NB: as final approval of these delegated Acts will not occur until after the due compliance date of 30 April 2020, ESMA published an Opinion and a letter indicating that national competent authorities should not take action against non-compliant administrators until the delegated Acts apply.
Cases of manipulation of interest rate benchmarks such as LIBOR and, as well as allegations that energy, oil and foreign exchange benchmarks have been manipulated, have highlighted shortcomings in the benchmarks process. The actual cases and investigations underway have underlined the importance of benchmarks and their vulnerabilities, including conflicts of interest, weak governance and the lack of clarity about regulatory oversight. The integrity of benchmarks is critical to the pricing of many financial instruments, such as interest rate swaps and forward rate agreements, and commercial and non-commercial contracts, such as supply agreements, loans and mortgages. They also play an important role in risk management.
In September 2012 the European Commission launched a public consultation on a possible framework for the regulation of the process of benchmarks. This consultation sought to identify the key issues and shortcomings in production and use of benchmarks in order to assess the need for any necessary changes to the legal framework to ensure the future integrity of benchmarks.
-Consultation on a Possible Framework for the Regulation of the Production and Use of Indices serving as Benchmarks in Financial and other Contracts
In January 2013 ESMA and the EBA launched a three month consultation on the Principles for Benchmarks-Setting Processes in the EU. ESMA and the EBA identified significant weaknesses and insufficiencies in the governance of the Euribor rate-setting mechanism and made a number of recommendations to EEBF. The Principles were developed in response to concerns regarding the perceived weaknesses in current arrangements for benchmark rate-setting. They address the activities of reference-rate and other benchmark providers, administrators, publishers and market participants who submit data. The proposed Principles included a general framework for benchmarks settings (calculation methodology, governance, supervision, transparency of the methodology, contingency plans, etc.). They also provide guidance to firms involved in benchmark data submissions and to benchmark administrators, calculation agents, publishers and users.
-JC/CP/2013/01: Consultation on Principles for Benchmarks-Setting Processes in the EU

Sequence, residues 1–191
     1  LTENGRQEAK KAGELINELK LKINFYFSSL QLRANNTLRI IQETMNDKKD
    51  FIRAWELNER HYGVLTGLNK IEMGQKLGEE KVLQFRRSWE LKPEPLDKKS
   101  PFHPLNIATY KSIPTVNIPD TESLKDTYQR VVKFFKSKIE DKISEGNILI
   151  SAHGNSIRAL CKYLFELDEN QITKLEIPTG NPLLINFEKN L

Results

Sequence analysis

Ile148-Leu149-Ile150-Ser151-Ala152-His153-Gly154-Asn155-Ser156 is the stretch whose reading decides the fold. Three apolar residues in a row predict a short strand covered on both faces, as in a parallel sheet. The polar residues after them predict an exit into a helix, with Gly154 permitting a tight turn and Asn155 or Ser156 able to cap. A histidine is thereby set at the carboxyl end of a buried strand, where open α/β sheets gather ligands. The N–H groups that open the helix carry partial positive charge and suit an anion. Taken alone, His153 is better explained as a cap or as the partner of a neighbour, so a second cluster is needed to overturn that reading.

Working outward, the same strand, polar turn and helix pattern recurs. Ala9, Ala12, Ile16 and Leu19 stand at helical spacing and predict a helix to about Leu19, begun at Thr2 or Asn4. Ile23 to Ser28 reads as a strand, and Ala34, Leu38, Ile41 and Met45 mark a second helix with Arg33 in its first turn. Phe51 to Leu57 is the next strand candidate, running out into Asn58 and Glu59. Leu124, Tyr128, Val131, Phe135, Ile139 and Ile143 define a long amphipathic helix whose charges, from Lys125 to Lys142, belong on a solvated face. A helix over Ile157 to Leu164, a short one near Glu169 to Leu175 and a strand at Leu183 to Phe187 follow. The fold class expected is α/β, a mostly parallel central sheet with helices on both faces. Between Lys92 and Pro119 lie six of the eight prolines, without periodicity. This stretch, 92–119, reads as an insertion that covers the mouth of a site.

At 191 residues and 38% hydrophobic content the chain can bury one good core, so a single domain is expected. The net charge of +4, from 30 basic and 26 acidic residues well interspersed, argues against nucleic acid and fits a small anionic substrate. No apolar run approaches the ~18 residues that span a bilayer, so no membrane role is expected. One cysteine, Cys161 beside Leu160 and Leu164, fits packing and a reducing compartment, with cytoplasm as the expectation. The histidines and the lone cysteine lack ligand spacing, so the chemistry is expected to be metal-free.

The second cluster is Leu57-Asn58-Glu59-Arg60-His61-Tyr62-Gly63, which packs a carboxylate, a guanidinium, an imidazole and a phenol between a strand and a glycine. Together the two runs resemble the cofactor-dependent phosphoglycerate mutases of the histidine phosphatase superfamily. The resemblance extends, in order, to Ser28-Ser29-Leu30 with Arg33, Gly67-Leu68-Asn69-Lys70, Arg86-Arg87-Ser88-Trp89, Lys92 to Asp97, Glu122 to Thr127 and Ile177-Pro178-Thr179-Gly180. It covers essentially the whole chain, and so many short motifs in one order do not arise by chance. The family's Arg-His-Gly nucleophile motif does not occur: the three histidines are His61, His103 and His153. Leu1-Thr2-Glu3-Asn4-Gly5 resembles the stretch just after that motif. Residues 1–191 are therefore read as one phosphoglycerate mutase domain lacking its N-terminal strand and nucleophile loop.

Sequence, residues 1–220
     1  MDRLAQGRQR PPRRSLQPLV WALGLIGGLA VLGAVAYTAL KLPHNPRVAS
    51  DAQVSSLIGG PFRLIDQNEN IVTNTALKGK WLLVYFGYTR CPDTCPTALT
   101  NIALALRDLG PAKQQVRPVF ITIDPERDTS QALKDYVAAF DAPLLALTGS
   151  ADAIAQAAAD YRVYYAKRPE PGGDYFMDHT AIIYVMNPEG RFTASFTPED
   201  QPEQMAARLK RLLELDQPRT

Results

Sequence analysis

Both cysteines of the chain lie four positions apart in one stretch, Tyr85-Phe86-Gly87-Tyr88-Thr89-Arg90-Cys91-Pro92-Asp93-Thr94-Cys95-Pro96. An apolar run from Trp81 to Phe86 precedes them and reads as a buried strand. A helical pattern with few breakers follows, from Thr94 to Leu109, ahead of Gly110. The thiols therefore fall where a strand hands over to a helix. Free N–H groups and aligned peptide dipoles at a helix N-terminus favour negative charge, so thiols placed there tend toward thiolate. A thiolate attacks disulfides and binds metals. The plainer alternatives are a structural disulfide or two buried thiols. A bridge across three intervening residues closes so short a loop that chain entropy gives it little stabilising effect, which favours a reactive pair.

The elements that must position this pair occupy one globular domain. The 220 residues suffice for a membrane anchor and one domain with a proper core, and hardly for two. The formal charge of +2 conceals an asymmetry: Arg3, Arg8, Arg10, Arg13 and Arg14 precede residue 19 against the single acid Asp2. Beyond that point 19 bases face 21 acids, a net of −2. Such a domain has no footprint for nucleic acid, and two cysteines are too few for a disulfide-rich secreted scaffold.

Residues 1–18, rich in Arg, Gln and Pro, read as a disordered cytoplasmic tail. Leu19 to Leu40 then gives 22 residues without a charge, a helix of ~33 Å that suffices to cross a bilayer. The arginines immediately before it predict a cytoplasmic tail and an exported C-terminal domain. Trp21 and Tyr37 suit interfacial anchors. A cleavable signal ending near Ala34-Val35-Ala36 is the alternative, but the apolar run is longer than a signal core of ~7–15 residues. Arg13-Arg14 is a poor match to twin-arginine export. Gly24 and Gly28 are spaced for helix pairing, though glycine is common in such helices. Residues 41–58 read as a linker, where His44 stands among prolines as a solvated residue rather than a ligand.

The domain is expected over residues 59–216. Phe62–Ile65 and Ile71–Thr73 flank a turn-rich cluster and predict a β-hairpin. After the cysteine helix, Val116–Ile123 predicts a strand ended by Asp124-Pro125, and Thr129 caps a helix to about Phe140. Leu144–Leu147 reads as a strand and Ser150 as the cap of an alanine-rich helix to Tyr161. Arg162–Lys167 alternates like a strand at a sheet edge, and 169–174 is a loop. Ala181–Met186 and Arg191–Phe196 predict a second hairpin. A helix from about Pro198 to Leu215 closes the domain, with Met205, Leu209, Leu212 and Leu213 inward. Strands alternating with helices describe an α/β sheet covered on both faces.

In the UK several measures have been undertaken in response to the LIBOR and EURIBOR controversies. The Financial Services and Markets Act 2000 (Regulated Activities) (Amendment) Order 2013 has introduced new regulated activities for firms administering a specified benchmark (currently only applies to LIBOR) and for firms providing information in order to determine a specified benchmark. Also the expansion of the market abuse regime to include misleading statements and impressions relating to benchmarks by virtue of the Financial Services Act 2012 (Misleading Statements and Impressions) Order 2013.
In July 2013 the International Organisation Securities Commissions (IOSCO) agreed principles on benchmarks which are to be implemented by its members. The Principles for Financial Benchmarks provides an overarching framework of principles for benchmarks used in financial markets. In addition to a set of high level principles, the framework offers a subset of more detailed principles for benchmarks having specific risks arising from their reliance on submissions and/or their ownership structure. The principles provide for benchmark administrators to publicly disclose their compliance with the principles within twelve months of the publication of the report, with the intention of IOSCO reviewing within an 18 month period the extent to which the principles have been implemented. The European Commission participated actively in the IOSCO task force drafting the principles.
-Principles for Financial Benchmarks - Final Report
Existing provisions in other legislation
Articles 2(3)(d) and 8(1)(d) of MAR and the Market Abuse Directive (CSMAD) clarify that any manipulation of benchmarks is clearly and unequivocally illegal and subject to administrative or criminal sanctions.
The Regulation on Energy Market Integrity and Transparency (REMIT) provides that the manipulation of benchmarks that are used for wholesale energy products is illegal.
MiFID requires that any financial instruments admitted to trading on a regulated market are capable of being traded in a fair, orderly and efficient manner and its Implementing Regulation further specifies that the price or other value measure of the underlying must be reliable and publicly available.
Article 30 of MiFIR contains a provision requiring the non-exclusive Licencing of benchmarks for clearing and trading purposes.
The Prospectus Directive (PD) and its Implementing Regulation provide that where a prospectus contains a reference to an index, the issuer should set out the type of the underlying and details of where information on the underlying can be obtained, an indication of where information about the past and the further performance of the underlying and its volatility can be obtained, and the name of the index.
The UCITS Directive provides that UCITS funds may only hold a maximum share of instruments issued by the same body in their portfolio. Member States may raise the limits that apply to how much of its total portfolio a UCITS may hold to a maximum of 20% for investment in shares or debt securities issued by the same body when it concerns an index which the UCITS wants to replicate, provided the composition of the index is sufficiently diversified, the index represents an adequate benchmark for the market to which it refers and it is published in an appropriate manner.